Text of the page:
Jozelyn is a Managing Director at BancLab, LLC and the volunteer CFO on the board of directors at Village Health Works. She holds a PhD in International Economics and Macroeconomics from Columbia University.
Her full bio is forthcoming.
Rob is Managing Partner and Chief Executive Officer of Snowden Lane Partners, a national independent wealth advisory boutique. Rob spent 22 years at Merrill Lynch, in New York, Singapore, Hong Kong, and London.
He was General Counsel and Chief Business Risk Officer of Global Wealth Management and a member of the GWM Executive and Operating Committees. He previously held senior executive positions in International Private Client and the Asia Pacific Region. Rob started at Merrill Lynch in London (Europe, Middle East and Africa Region) and before that worked at the U.S. Securities and Exchange Commission. He has a BA from Franklin and Marshall College and a JD from George Washington University.
Rob is passionate about preserving the integrity of our criminal justice system. He has been a long time supporter of Centurion. Rob is a former Board Chair and Board member of the American Red Cross of Central New Jersey and a founding Board member of the Christina Seix Academy, a residential school for underprivileged inner city children. Rob and his wife, Cheryl, reside in Princeton, NJ and have four children.
Kate Germond joined Centurion Ministries in January of 1987 after reading an article in the NY Times about Jim McCloskey’s pioneering work on behalf of the wrongly convicted. She thought he might need some help. They met, thought they could get along and for 30-years worked shoulder to shoulder to free the innocent from prison. Prior to that, she was a businesswoman and community activist in Mendocino, California where she lived with her family for close to 20 years. After Jim’s retirement in May 2015, Kate became the Executive Director of Centurion. She continued to grow the organization until the end of 2019, when returned to her passion of working in the field on cases. Kate remains a integral part of Centurion’s operations and is grateful every single day for Jim’s commitment in 1980 to free from prison a complete stranger.
Jim Cousins is a graduate of Beloit College and Fordham Law School. He spent the majority of his career as a trial and appellate lawyer handling intellectual property matters, fraud investigations and commercial disputes. He also spent several years as general in-house counsel to emerging technology enterprises and as a director in the global contracts group at PricewaterhouseCoopers. His interest in working to free the wrongly convicted began in 1999 when he first volunteered to work with Centurion as local counsel in a Connecticut case. Fifteen years later, after working closely with Kate Germond and lead counsel Paul Casteleiro, that case resulted in the exoneration of Richard Lapointe. During those 15 years, Jim’s involvement with Centurion grew and evolved. His commitment to this type of work progressed to the point where he joined Centurion full time in 2015 as an Attorney/Investigator responsible for case investigations and related legal activities.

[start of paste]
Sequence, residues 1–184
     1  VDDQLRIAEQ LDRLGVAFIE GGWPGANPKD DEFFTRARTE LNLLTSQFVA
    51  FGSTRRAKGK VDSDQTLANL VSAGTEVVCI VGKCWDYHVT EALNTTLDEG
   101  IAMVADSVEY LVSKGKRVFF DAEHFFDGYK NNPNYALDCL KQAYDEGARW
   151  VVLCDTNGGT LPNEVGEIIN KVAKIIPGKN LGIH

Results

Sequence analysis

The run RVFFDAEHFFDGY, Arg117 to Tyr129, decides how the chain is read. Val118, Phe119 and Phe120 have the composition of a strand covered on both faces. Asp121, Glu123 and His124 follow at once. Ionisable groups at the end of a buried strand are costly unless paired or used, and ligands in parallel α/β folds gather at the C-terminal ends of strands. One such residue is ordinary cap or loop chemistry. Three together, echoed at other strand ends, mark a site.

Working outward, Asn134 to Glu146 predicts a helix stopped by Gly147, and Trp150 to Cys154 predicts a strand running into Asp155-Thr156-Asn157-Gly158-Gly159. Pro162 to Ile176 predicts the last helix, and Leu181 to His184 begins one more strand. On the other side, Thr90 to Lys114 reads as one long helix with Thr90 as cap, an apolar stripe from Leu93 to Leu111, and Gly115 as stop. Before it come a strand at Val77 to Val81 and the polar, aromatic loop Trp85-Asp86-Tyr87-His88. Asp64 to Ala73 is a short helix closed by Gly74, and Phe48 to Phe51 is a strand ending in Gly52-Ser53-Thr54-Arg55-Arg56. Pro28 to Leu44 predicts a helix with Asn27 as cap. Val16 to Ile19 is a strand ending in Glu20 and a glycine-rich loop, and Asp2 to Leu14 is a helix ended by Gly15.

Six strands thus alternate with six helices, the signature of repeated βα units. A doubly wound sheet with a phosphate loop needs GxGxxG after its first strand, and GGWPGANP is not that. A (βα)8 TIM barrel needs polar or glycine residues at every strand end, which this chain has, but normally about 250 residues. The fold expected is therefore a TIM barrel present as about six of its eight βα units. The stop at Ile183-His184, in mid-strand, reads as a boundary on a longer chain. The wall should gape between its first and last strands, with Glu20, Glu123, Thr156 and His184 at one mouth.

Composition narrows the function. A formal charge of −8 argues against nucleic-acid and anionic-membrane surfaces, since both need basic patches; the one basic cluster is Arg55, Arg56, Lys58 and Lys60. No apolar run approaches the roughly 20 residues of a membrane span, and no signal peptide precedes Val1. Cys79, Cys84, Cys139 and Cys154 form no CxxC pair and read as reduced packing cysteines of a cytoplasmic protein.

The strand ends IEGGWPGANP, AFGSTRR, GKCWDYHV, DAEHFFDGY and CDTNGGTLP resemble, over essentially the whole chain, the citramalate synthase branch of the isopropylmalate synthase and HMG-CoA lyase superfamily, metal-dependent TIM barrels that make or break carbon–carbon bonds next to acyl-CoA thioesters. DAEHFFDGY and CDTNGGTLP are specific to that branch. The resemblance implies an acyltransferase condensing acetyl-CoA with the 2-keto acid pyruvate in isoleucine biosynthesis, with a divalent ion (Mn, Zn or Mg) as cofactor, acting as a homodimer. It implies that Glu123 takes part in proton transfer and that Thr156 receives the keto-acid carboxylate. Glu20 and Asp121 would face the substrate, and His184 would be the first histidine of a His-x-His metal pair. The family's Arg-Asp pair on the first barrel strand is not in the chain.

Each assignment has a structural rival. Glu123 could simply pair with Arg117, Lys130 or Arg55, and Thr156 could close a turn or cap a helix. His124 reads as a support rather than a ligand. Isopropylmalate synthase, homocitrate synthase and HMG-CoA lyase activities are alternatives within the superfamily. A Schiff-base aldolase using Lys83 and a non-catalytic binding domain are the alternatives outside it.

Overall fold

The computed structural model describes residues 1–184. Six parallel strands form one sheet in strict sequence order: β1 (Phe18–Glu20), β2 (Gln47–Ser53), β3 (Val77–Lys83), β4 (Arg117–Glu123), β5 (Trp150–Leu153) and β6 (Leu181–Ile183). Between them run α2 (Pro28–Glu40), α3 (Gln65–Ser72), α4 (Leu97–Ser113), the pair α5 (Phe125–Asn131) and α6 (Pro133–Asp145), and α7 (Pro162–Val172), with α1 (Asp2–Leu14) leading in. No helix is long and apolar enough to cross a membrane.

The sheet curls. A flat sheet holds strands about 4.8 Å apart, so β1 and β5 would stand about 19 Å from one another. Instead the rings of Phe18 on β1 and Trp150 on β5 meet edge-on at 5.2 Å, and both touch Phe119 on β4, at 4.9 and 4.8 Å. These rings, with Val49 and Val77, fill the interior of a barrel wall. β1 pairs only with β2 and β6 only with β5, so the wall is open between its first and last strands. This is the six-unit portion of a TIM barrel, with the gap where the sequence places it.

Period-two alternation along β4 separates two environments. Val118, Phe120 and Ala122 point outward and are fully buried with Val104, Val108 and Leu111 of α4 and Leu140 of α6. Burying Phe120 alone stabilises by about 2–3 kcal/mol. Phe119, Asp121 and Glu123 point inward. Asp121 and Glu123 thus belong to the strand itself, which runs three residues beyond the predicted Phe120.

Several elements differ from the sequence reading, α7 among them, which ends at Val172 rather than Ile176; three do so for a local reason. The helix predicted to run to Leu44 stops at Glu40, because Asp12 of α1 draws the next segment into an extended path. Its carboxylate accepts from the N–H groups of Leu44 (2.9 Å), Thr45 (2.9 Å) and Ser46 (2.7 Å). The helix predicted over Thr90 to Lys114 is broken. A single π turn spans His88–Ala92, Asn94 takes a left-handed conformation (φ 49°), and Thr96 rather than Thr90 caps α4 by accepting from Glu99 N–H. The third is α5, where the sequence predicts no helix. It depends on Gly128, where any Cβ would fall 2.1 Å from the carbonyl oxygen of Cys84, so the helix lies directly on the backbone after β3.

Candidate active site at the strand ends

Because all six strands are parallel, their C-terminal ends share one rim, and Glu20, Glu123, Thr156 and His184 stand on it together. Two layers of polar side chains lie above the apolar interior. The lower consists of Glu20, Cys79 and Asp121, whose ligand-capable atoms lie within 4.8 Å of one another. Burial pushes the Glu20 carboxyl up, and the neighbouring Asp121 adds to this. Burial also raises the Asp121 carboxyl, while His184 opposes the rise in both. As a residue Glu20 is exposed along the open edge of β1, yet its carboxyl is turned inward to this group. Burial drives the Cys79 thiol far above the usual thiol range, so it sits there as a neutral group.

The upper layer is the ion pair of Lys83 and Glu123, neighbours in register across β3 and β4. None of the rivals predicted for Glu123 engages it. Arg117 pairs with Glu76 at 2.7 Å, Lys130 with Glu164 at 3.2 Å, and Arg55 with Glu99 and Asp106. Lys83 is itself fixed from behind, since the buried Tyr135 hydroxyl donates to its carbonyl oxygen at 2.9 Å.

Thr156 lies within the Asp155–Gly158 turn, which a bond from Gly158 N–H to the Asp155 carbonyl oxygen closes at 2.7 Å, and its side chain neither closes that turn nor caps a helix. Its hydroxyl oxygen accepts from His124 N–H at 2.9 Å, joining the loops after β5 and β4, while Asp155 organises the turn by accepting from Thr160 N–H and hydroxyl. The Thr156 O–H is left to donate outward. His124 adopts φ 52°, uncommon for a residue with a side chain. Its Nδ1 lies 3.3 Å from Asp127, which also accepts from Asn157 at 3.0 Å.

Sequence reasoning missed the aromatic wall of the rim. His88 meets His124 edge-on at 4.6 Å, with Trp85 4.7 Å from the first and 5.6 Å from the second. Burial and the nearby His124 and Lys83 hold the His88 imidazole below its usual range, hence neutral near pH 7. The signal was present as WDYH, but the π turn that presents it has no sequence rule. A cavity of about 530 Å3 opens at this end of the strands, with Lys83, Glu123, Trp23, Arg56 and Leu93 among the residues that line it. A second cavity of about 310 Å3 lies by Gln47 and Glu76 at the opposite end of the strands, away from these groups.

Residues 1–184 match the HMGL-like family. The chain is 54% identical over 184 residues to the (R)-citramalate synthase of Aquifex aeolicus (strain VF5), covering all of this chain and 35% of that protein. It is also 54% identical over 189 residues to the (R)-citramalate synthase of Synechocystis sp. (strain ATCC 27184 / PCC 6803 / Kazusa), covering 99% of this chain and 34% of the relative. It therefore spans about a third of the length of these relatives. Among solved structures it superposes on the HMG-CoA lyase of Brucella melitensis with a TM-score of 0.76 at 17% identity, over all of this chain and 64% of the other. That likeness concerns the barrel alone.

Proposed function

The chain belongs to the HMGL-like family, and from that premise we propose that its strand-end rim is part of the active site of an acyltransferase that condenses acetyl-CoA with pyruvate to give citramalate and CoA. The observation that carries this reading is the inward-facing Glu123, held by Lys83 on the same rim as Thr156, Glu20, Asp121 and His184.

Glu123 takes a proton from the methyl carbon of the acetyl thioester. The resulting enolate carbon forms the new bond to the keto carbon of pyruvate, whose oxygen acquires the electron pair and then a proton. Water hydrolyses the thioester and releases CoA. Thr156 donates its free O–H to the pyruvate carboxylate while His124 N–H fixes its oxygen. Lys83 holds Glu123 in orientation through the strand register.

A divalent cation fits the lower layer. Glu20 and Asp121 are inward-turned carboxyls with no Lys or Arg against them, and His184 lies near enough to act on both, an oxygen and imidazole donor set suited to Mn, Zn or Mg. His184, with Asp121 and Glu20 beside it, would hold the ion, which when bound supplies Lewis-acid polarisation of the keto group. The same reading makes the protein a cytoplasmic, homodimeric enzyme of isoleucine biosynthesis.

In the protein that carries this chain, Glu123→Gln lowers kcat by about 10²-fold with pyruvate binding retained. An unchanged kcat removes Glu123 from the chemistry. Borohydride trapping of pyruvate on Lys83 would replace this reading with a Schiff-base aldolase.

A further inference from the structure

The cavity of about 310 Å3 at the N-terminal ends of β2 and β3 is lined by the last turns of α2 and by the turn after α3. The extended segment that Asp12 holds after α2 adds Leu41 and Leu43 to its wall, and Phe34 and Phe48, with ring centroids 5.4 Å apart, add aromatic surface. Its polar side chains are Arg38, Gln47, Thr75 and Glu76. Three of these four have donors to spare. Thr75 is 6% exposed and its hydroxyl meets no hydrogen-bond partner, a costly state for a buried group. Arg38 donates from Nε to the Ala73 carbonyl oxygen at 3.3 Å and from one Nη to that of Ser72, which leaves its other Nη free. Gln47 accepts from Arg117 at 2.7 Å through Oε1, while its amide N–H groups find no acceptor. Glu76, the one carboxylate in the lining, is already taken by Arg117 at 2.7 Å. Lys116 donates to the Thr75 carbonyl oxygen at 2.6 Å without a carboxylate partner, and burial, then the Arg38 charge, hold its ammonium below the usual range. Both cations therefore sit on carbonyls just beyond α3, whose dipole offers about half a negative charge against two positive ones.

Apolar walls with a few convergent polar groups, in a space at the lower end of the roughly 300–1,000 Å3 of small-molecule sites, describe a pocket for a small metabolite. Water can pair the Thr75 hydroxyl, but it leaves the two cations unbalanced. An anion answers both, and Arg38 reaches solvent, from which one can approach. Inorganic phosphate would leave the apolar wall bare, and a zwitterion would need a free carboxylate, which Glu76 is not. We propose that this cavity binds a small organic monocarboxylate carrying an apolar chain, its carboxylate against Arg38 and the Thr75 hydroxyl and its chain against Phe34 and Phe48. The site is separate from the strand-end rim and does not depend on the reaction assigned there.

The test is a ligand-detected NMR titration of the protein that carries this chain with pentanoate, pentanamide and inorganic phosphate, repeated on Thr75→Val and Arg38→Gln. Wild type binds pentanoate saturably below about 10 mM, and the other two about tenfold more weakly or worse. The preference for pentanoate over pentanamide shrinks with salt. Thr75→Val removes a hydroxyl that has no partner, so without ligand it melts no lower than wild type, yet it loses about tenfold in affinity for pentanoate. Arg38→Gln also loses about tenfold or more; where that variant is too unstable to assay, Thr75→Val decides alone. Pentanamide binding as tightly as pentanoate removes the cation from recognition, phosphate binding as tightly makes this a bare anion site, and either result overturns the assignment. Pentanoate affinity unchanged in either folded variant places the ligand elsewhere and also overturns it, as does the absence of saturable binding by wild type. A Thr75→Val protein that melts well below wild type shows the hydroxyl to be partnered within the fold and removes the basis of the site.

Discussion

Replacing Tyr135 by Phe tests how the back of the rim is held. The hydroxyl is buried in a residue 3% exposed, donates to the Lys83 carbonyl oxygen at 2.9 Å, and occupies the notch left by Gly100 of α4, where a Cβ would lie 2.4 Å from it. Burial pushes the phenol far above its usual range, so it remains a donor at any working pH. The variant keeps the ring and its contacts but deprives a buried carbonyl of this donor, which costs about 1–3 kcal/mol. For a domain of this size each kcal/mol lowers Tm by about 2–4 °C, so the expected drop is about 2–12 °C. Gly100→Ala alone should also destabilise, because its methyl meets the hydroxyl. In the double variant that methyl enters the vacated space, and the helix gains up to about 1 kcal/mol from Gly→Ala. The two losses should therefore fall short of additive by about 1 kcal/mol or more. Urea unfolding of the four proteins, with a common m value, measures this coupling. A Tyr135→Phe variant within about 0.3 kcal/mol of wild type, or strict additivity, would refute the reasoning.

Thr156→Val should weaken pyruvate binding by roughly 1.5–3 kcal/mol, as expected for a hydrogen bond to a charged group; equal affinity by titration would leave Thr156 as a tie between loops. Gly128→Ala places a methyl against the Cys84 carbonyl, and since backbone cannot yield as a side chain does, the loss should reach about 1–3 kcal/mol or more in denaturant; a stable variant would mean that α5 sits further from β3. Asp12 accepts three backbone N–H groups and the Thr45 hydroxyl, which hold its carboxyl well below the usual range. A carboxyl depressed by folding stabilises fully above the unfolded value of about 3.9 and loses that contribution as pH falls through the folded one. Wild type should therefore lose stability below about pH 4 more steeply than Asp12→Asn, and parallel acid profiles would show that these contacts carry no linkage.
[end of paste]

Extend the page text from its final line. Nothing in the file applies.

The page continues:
Subsequent to graduating from Bucknell University in 1964, Jim spent three years as a U.S. Naval Officer, including a year in Vietnam patrolling the rivers of the Mekong Delta serving as an advisor to the South Vietnamese Naval junk fleet. He then spent the next 12 years working for two different management consulting companies specializing in Japanese business affairs, the first in Tokyo and the second with the Hay group in his hometown of Philadelphia.
In 1979 Jim felt a call to leave the business world and enter the
ministry. In 1983, upon graduating with a Master of Divinity degree from the Princeton Theological Seminary and freeing an innocent man he met as a student chaplain at Trenton State Prison, Jim founded Centurion Ministries.
After 35 years, although still a member of Centurion’s Board of Trustees and still managing several cases he has been working on for years, Jim retired from the active management of Centurion’s organizational affairs in May 2015. He is now in the process of writing a book about Centurion’s experiences with our nation’s criminal justice system.